I’ll end with another quote from that 2006 “Don’t Poke a Dragon” piece:

    …companies like Yahoo and Google don’t traffic in sneakers, they traffic in the most powerful forces in human culture – expression. Knowledge. Ideas. The freedom of which we take as fundamental in this country, yet somehow, we seem to have forgotten its importance in the digital age – in China, one protesting email can land you in jail for 8 years, folks.

    …Congress can call hearings, and beat up Yahoo, Google and the others for doing what everyone else is doing, but in the end, it’s not (Google’s) fault, nor, as much as I wish they’d take it on, is it even their problem. It’s our government’s problem….Since when is China policy somehow the job of private industry?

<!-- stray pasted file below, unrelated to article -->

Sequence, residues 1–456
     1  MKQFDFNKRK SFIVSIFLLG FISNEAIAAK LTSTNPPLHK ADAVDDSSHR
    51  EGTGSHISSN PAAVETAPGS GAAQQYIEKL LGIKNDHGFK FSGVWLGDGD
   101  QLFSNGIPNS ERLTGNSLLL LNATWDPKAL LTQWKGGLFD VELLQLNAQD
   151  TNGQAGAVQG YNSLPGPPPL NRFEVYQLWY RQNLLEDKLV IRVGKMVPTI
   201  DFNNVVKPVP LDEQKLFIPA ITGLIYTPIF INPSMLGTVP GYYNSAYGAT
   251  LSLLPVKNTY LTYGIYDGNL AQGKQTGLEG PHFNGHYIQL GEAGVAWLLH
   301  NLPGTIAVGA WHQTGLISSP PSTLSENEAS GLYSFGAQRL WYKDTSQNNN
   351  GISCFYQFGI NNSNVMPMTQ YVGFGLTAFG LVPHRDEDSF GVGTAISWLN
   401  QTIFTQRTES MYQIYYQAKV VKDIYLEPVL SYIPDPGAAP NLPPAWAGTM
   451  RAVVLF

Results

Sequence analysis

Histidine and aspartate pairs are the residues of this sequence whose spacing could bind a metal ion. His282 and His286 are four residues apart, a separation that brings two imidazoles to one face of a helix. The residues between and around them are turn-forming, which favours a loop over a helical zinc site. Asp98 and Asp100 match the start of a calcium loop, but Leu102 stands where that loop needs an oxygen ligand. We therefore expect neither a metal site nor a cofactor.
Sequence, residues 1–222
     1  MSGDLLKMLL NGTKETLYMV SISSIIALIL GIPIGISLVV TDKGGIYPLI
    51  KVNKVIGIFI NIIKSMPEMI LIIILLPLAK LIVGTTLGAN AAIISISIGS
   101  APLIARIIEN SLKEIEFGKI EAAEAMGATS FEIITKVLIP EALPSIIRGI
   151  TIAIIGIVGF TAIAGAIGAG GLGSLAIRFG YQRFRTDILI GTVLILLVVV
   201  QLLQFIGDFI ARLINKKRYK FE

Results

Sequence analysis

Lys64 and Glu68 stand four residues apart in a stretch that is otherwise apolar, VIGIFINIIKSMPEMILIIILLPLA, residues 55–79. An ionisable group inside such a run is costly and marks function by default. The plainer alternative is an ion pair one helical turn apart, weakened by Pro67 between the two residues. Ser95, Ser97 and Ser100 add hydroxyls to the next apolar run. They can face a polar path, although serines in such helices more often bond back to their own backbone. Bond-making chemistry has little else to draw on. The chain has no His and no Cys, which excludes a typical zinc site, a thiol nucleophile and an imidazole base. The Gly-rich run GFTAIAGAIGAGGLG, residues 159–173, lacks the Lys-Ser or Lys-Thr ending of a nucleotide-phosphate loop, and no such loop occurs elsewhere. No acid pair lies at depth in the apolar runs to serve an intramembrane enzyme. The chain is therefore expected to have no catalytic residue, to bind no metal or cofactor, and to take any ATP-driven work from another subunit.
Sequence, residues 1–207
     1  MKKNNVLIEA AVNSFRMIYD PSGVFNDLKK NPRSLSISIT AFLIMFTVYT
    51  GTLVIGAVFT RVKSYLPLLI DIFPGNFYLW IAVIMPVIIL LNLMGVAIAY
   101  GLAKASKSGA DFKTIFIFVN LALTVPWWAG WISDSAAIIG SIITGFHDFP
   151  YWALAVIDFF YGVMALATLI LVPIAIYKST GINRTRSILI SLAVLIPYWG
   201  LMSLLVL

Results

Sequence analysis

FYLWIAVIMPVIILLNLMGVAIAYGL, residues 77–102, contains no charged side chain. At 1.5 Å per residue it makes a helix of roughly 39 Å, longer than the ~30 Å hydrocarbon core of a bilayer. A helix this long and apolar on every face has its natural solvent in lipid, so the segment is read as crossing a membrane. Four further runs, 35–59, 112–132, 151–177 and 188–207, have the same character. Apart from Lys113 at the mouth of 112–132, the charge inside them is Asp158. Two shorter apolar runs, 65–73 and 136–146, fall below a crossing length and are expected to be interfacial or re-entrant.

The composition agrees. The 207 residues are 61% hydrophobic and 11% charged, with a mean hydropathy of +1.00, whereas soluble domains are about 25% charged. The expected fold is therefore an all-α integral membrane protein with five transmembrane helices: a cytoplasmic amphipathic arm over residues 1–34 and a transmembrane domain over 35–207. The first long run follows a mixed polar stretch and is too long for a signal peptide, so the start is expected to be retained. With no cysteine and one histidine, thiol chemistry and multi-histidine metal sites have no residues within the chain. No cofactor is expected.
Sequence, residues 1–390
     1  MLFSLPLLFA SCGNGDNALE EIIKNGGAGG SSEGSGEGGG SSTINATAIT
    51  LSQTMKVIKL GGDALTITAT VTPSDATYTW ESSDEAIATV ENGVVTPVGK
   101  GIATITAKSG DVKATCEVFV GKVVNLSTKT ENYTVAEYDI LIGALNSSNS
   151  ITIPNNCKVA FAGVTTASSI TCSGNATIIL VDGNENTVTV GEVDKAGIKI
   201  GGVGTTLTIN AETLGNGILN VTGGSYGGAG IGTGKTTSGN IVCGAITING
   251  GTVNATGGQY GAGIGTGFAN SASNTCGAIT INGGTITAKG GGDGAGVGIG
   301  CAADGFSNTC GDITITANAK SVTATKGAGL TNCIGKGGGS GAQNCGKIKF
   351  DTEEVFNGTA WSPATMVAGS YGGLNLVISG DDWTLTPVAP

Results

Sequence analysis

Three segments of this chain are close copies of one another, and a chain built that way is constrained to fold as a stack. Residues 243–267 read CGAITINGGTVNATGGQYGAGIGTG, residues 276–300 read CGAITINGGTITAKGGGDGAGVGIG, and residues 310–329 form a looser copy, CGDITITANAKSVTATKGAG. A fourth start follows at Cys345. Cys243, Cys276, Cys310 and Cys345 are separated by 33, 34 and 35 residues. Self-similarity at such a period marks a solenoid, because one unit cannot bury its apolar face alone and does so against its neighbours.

Until that government gives (the tech industry) a China policy it can align behind, well, they’ll never align, and the very foundation of our culture – free expression and privacy, will be imperiled.

    After all, the Chinese leaders must be thinking, as they snack on our intellectual property, we’re only protecting our citizens in the name of national security.

    Just like they do in the US, right?